Social Security and the income of the elderly
By Michael Ettlinger and Jeff Chapman
Under current law, the Social Security program ensures that Americans can maintain a basic quality of life if they, or a worker they rely on, lose the ability to work due to age, disability, or death. Workers who become disabled or reach retirement receive a Social Security income based on how long they have worked and how much they have earned. Spouses and children of deceased, disabled, and retired workers also receive Social Security.
Although Social Security is an important insurance program for people of all ages, at any given point in time the largest single demographic group of recipients is those age 65 and over. For a large majority of this group, the program is critical to their quality of life65% of these elderly rely on Social Security for over half their income (see Figure 1 and Figure 2). That’s a total of over 15 million individuals and couples. One-third (33%) rely on Social Security for over 90% of their income. Nationally, the median married couple or individual recipient age 65 and over relies on Social Security for 67% of income. High reliance on Social Security for the well-being of the elderly is typical regardless of sex, race, or state of residence (shown in Table 1 and Table 2).
The findings are even more pronounced for the elderly age 75 and over. This is not surprising, as these older workers are less able to work than the younger elderly and are more likely to have spent down some of their personal savings. Almost three-quarters (73%) of those age 75 and over who receive Social Security payments rely on Social Security for over half their income.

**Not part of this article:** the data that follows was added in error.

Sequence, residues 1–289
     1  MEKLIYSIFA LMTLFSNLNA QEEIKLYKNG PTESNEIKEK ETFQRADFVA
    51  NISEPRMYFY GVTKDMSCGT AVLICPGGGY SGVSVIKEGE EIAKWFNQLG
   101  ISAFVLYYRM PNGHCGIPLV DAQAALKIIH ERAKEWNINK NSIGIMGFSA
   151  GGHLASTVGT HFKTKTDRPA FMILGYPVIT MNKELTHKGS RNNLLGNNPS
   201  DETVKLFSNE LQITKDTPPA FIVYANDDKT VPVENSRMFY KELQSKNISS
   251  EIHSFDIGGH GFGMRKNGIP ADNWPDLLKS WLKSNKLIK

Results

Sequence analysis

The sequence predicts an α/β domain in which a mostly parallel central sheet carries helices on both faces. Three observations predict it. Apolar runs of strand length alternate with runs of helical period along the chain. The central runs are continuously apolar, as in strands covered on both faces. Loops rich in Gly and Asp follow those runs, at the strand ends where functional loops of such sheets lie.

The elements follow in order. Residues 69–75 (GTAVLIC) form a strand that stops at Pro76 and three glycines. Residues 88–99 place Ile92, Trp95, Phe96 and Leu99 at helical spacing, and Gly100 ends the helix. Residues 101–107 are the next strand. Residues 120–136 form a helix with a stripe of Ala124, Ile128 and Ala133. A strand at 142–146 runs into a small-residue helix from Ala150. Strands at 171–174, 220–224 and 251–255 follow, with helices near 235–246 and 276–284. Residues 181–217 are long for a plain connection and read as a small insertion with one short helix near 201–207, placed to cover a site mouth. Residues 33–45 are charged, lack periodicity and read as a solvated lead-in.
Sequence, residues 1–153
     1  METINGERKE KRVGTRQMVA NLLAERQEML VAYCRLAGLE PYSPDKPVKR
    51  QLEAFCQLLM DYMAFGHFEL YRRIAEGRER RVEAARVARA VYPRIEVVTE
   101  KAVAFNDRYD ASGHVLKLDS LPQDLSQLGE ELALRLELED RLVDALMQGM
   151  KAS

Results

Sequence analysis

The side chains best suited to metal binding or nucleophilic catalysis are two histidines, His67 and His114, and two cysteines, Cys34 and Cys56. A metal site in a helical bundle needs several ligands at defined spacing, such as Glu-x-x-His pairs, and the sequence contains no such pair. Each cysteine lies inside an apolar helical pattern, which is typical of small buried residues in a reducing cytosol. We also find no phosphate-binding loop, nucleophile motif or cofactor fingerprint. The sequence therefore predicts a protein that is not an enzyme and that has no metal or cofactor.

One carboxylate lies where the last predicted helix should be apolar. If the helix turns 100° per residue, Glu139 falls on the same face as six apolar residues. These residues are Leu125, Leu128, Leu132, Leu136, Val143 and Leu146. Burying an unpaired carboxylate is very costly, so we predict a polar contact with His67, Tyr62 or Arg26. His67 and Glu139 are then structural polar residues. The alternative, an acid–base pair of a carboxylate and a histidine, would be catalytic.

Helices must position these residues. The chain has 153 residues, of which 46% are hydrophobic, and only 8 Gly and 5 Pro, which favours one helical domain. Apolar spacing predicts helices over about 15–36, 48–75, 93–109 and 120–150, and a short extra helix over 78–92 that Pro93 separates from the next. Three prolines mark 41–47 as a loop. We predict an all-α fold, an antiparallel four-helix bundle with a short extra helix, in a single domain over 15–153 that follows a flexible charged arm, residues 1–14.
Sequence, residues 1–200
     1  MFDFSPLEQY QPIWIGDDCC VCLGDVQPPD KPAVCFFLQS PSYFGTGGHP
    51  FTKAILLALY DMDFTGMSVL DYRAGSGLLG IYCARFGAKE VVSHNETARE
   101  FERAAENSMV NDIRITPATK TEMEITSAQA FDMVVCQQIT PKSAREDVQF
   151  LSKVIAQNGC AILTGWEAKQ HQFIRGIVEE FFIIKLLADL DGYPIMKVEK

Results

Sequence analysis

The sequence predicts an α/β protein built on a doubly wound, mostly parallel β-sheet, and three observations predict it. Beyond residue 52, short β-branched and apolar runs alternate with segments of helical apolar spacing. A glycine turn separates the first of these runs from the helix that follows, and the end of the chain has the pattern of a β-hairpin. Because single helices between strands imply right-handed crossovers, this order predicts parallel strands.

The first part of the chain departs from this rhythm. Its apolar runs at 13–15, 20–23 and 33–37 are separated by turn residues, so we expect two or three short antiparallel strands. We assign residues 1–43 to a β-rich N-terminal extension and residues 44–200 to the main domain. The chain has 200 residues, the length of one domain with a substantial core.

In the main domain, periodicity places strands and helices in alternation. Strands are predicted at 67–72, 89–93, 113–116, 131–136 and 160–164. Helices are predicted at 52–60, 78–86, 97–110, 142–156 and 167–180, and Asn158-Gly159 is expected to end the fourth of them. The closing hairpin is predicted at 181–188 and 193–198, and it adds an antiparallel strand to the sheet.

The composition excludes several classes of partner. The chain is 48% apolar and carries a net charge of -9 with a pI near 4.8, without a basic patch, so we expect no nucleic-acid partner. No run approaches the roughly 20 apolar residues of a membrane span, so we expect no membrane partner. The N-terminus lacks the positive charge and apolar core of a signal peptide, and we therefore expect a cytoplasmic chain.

These data suggest that, for most retirees, cuts in benefits would have a very large effect on living standards. With the rate of savings at historically low levels, there is reason to believe that coming generations of retirees will not be in any better position. Replacing the current system’s prescribed benefit levels with a system in which income is more reliant on the varying market returns from private investment vehicles would hurt those retirees who do not happen upon the best-performing investments.
There is some variation in these data by state, but in all states the elderly rely very heavily on their Social Security, and the elderly in all but one state count on Social Security benefits for over half their income (see Table 2 and Table 3). The lowest level of reliance is in Alaska, where, at the median, the elderly rely on Social Security for 49% of their income. The highest level of reliance is in Arkansas, at 77%.
Replacing the Social Security system would fundamentally change the experience of retirement in the United States. In particular, making what has been a secure source of income subject, to a significant degree, to the inconsistent performance of market investments instead of lifetime work history would have a substantial effect on retirees. There is good reason to believe that privatization would worsen the financial future of Social Security and result in an overall net decrease in income for seniors. But leaving those issues aside, it is undisputed that privatization would introduce a greater variation among retirees in the income available for their retirement.
By showing how very reliant the elderly are on Social Security income, these data demonstrate that the majority of the elderly can ill-afford to gamble with their retirement income now or in the future. Ending up on the losing side of this bet would have a devastating impact on their quality of life.
The source for these data is the March Current Population Survey from the U.S. Census Bureau. The methodology mimics that of the Social Security Administration’s Income of the Population 55 or Older, 2000. Following that publication, the primary unit of interest is the “aged unit,” which is either a person who is 65 or older and not married or a married couple living togetherone of whom is 65 or older. Aged unit total income and Social Security income are the income coming from the aged unit, disregarding the income of other family members. Total money income includes wages and salaries, self-employment income (including losses), Social Security, Supplemental Security Income, public assistance, interest, dividends, rent, royalties, estates or trusts, veterans’ payments, unemployment compensation, workers’ compensation, private and government retirement and disability pensions, alimony, and child support. Race of married couple aged units is based on the race of the husband, following the SSA practice.